Story Tips From Johns Hopkins Experts On COVID-19

During the lockdown with COVID-19 restrictions in place, an interactive gaming room built to accelerate stroke patient recovery in The Johns Hopkins Hospital wasn’t getting much use. The therapists and neurologists running the gaming room decided to make the room available to staff treating COVID-19 patients to allow them to decompress.

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Tiny Biological Package Gets Drug Right To The ‘Heart’ Of Transplant Rejection

For patients who receive a heart transplant in the near future, the old adage, “Good things come in small packages,” may become words to live by. In a recent study, researchers at Johns Hopkins Medicine and the National Cancer Institute (NCI) demonstrated in mice that they can easily deliver a promising anti-rejection drug directly to the area surrounding a grafted heart by packaging it within a tiny three-dimensional, protein gel cocoon known as a hydrogel. Best of all, the researchers say that the release of the drug is spread out over time, making it highly regulatable and eliminating the need for daily medication to keep rejection in check.

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Three Women Scientists at Johns Hopkins Tapped to Join Exclusive Research Network

Three Johns Hopkins Kimmel Cancer Center scientists are among the first 45 members selected to join the 10x Genomics Visium Clinical Translational Research Network (CTRN), aimed at advancing translational research in some of the world’s leading health problems, including oncology, immuno-oncology, neuroscience, infectious disease, inflammation and fibrosis, and COVID-19.

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Cholesterol-Lowering Drug Improved Function of Heart’s Arteries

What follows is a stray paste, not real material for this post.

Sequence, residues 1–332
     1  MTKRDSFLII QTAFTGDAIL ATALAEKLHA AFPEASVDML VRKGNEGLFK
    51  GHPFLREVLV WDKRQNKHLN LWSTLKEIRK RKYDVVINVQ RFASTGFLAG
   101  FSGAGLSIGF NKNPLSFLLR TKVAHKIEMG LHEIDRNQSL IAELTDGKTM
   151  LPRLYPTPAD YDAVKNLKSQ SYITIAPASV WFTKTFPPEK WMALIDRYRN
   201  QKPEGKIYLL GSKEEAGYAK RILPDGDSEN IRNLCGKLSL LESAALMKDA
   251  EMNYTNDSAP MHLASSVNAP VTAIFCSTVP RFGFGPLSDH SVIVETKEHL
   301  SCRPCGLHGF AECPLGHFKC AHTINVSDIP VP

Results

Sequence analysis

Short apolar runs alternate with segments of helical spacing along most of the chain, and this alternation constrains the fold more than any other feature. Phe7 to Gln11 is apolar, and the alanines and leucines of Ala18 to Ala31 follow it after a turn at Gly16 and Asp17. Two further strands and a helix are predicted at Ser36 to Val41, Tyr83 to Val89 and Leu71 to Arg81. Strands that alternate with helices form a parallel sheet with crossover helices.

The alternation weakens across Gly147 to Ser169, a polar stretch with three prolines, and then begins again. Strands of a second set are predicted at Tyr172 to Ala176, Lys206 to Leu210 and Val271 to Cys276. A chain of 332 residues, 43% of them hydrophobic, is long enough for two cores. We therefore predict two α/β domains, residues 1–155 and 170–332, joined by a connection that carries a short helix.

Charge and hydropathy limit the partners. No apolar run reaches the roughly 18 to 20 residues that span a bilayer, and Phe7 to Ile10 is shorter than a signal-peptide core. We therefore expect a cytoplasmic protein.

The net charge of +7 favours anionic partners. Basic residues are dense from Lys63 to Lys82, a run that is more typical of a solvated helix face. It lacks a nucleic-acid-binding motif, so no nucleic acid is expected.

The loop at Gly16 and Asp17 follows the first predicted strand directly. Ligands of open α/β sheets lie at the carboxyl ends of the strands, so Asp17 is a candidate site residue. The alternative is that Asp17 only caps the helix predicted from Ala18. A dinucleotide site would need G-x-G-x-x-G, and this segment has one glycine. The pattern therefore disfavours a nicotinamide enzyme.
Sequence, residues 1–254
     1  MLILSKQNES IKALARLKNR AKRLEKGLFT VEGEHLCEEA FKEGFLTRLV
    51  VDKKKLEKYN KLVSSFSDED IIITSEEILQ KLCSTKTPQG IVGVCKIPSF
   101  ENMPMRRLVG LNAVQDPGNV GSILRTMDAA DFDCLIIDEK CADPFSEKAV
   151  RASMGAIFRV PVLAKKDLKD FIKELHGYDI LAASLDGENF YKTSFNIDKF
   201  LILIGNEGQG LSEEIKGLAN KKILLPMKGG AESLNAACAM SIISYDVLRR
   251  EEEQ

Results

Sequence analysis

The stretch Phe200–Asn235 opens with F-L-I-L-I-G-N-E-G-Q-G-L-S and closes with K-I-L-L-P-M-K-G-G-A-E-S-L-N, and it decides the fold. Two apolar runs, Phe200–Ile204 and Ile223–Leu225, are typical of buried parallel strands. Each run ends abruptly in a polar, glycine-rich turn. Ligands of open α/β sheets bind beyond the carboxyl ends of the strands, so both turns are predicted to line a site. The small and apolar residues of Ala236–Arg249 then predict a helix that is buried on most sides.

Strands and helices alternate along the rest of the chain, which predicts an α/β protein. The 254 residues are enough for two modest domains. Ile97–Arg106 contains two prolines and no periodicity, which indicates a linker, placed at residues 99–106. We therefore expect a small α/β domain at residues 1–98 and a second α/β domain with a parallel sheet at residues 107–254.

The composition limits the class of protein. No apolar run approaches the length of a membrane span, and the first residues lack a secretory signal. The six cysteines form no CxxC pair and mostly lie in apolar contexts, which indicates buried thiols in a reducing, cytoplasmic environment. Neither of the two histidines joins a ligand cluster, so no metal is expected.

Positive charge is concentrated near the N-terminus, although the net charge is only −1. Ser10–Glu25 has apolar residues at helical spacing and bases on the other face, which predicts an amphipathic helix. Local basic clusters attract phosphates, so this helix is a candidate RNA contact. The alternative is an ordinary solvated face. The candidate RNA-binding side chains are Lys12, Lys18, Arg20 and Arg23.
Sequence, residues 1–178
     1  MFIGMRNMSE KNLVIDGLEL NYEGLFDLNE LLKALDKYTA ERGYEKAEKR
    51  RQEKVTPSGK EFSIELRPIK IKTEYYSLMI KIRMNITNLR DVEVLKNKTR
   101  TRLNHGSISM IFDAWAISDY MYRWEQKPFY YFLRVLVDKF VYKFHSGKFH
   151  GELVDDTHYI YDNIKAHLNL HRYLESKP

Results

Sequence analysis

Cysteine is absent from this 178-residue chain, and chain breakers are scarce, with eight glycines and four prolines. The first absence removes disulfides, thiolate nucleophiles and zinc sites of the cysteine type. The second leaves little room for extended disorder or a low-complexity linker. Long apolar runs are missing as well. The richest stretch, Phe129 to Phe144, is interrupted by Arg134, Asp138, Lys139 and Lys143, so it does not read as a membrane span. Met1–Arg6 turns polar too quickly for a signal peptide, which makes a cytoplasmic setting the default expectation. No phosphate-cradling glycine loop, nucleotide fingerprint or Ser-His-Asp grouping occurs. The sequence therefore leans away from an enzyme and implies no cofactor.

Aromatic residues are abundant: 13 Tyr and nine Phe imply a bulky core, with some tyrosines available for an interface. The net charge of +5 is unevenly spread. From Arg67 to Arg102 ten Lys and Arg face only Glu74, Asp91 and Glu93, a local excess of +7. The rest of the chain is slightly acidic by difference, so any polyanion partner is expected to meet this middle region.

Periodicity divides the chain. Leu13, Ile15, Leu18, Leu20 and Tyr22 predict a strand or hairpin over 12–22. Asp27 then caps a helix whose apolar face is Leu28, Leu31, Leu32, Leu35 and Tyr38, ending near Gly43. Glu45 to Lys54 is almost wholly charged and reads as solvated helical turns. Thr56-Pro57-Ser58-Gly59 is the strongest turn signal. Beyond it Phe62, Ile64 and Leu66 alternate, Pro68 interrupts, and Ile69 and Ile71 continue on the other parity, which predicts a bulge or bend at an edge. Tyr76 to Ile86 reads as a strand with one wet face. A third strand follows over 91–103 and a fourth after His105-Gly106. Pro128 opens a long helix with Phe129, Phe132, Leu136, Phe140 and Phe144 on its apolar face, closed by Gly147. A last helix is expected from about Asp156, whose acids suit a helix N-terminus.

In a pilot study of people living with HIV or high levels of cholesterol, Johns Hopkins Medicine researchers found that a six-week course of a cholesterol-lowering medication improved the function of the coronary arteries that provide oxygen to the heart.

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Story Tips From Johns Hopkins Experts on COVID-19

Sharon Tapp, who worked as a nurse case manager at Veterans Affairs Medical Center in Washington, D.C., started experiencing sudden body weakness, chest pain, a high temperature and headache on March 18. Concerned, she went to her local urgent care center to find out what was wrong. They told her that these symptoms were flu-like, tested her for the coronavirus and told her to quarantine for 14 days. After five days and no difference in the presentation of her symptoms, the urgent care team contacted Sharon, letting her know that she tested positive for coronavirus and recommending that she go to the emergency department. Sharon’s family took her to Johns Hopkins Medicine’s Suburban Hospital. Because her condition worsened while at Suburban, she was transferred to The Johns Hopkins Hospital in Baltimore within 10 days of being admitted to Suburban Hospital.

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